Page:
Instabug was ready to make its big debut at a tech conference in San Francisco, but the company suffered a last-minute snag: Instead of being onstage, cofounders Omar Gabr and Moataz Soliman were still stuck in Egypt, unable to secure visas amid their home country’s latest turmoil.
The show did indeed go on, with an American friend taking the helm to deliver Instabug’s pitch at VentureBeat’s MobileBeat 2013 startup competition. Despite the setback, Instabug, an in-app feedback reporting tool, has been riding on a wave of good news. The startup won first place at MIT’s Enterprise Forum of the Pan Arab Region competition, which came with a $50,000 prize. Earlier last week, it also closed a $150,000 round in seed funding from local angel investors, money that makes hiring three additional engineers possible. Up until then, Instabug had been subsisting on an initial $10,000 investment from local accelerator Flat6Labs.
After graduating from Cairo University in 2012, Gabr and Soliman decided to start a company broadly focused on a crowdsourced platform for beta testing apps. Eventually, the duo, both now 22, would pivot and focus on one of the features, and by February of this year, Instabug was born. With it, developers would get user responses directly from the app and automatically receive germane details, like device model, carrier, and location. Instead of dealing with unwieldy support forms (or giving a negative app review), users could shake their phones to give feedback.
“When you’re angry at an app, what’s the first thing you think of doing?” Soliman asks. “You shake it! It’s a completely natural reaction.”
With a minimal footprint, Gabr told Fast Company that apps using Instabug don’t suffer from any lag. “We don’t want to have an app crash or lag because of this.”
Starting up in Egypt
The 2011 revolution that ushered in new leadership and democratic elections also transformed the technology scene.
“People are really feeling a sense of ownership after the revolution so they’re trying to build their own things,” Gabr says. Describing the startup scene as booming, he notes that investors are returning to the region in full force. Flat6Labs, the accelerator Instabug participated in, also launched shortly after the revolution.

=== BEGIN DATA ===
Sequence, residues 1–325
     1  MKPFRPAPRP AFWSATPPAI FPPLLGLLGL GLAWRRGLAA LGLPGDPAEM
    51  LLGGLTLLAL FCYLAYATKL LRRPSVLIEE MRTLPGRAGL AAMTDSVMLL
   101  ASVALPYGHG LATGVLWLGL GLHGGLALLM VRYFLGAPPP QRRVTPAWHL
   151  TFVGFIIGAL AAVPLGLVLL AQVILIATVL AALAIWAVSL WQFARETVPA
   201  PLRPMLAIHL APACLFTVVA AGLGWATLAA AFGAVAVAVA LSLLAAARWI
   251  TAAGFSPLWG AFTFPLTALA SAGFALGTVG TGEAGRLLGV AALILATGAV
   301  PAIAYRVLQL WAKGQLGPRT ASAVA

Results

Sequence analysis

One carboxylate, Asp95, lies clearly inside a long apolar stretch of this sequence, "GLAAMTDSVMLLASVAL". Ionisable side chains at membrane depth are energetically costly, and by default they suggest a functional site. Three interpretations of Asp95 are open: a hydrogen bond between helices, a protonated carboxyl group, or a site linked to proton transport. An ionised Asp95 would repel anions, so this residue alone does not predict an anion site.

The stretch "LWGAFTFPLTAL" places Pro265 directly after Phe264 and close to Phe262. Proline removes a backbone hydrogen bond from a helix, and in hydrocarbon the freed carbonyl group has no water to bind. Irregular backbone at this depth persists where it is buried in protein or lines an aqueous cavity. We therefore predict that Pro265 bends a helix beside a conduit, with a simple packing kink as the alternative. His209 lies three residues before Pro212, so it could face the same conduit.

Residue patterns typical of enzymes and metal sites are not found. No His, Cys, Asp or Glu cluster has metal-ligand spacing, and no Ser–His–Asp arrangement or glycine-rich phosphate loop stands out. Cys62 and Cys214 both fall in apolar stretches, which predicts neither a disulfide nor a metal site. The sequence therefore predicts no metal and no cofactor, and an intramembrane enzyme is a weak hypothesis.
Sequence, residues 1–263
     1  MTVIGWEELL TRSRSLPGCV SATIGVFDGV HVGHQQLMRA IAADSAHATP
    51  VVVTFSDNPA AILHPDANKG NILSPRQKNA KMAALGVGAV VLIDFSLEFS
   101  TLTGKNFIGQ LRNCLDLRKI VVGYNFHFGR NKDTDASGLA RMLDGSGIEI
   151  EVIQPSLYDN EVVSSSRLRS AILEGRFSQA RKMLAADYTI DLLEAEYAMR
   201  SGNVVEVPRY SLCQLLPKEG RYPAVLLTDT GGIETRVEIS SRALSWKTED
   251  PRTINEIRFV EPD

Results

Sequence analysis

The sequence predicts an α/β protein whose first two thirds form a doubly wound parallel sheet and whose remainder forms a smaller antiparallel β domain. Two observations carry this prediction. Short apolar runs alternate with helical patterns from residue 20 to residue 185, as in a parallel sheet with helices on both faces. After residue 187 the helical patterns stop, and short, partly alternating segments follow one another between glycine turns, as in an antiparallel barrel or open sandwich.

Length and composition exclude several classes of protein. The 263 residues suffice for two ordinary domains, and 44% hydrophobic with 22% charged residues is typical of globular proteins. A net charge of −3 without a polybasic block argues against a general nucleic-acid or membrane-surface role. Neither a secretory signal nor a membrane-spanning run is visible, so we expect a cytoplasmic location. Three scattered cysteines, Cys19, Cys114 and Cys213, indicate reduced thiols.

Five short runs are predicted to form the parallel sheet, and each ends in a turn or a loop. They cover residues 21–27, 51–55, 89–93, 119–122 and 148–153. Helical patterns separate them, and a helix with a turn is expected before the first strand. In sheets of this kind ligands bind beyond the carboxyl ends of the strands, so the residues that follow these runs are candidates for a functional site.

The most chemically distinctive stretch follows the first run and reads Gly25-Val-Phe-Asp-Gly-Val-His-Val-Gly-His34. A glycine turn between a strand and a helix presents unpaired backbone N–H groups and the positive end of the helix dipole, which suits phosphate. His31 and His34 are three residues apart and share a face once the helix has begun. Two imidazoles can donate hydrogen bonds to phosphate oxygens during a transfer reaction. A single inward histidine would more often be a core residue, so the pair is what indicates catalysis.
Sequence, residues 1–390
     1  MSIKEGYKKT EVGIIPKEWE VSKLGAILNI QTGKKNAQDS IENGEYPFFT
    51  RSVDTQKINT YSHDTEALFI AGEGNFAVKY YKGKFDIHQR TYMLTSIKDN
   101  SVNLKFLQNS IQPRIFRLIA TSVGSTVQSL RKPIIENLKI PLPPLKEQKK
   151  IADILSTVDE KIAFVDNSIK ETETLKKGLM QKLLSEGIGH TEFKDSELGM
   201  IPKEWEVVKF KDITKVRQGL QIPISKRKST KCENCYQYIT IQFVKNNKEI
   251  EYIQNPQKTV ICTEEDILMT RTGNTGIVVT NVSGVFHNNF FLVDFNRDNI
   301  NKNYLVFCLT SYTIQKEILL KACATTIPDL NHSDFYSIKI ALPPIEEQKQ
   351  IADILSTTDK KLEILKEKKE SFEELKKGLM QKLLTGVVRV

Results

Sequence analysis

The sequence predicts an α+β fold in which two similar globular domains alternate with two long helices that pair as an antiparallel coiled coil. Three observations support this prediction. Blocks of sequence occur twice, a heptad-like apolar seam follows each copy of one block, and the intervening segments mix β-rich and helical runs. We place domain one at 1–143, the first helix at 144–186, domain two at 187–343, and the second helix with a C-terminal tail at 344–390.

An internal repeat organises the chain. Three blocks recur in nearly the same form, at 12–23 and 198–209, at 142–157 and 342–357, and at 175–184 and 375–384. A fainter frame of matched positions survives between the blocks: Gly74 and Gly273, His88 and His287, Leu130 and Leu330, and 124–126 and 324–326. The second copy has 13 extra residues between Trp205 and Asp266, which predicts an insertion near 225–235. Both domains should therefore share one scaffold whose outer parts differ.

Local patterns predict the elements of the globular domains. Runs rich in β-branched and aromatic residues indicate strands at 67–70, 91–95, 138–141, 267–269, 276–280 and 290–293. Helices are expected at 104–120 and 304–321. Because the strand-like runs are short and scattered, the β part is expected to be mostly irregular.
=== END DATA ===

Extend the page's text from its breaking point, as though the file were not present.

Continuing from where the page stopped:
Schools and universities are also emphasizing technical skills. “People are really eager to learn and be creative and be innovative,” Gabr says. “We have Egyptian people who graduate from our schools and end up all over the world at Google, Microsoft, Facebook. The technical knowledge here is good.”
Soliman, himself, is a former intern at Microsoft. Despite the prestige of working at the company, he felt it was difficult to make an impact as one of 98,000 employees, and eventually decided to partner with Gabr.
Struggling to get to Silicon Valley
Whereas many of the startups in the area are focused on local or regional problems, Instabug has a more global vision–hence the cofounders’ wish to be in Silicon Valley.
“We’ve been doing our product online, and there’s no problem with that,” Soliman says. “But there are events there, people there, influencers there, a whole community developed.”
Even though the cofounders were unable to leave the country in time for the conference, “the kind of traction we got at MobileBeat is 10 times the traction we got in the last year,” Gabr adds.
Still actively working to get to Silicon Valley, the pair are scheduled to participate at Blackbox Connect, a two-week immersion program for non-U.S. startups that kicks off Monday.
“We’re trying as much as possible to get a visa from any other country to get there Monday,” Gabr says.
The company is also looking to refine its revenue model. There are two packages: a free version for startups and an enterprise one that maintains companies’ branding and offers full customization of the feedback form as well as 24/7 tech support. Of the 200 or so beta testers on board, one of the biggest clients Instabug has landed is France’s national state-owned rail company, SNCF (National Society of French Railways).
How is a five-person company in Egypt providing round-the-clock support? “We haven’t slept before our public launch,” Gabr says. “It’s not an issue to our team. If you’re an enterprise client, you’ll get us every single time.”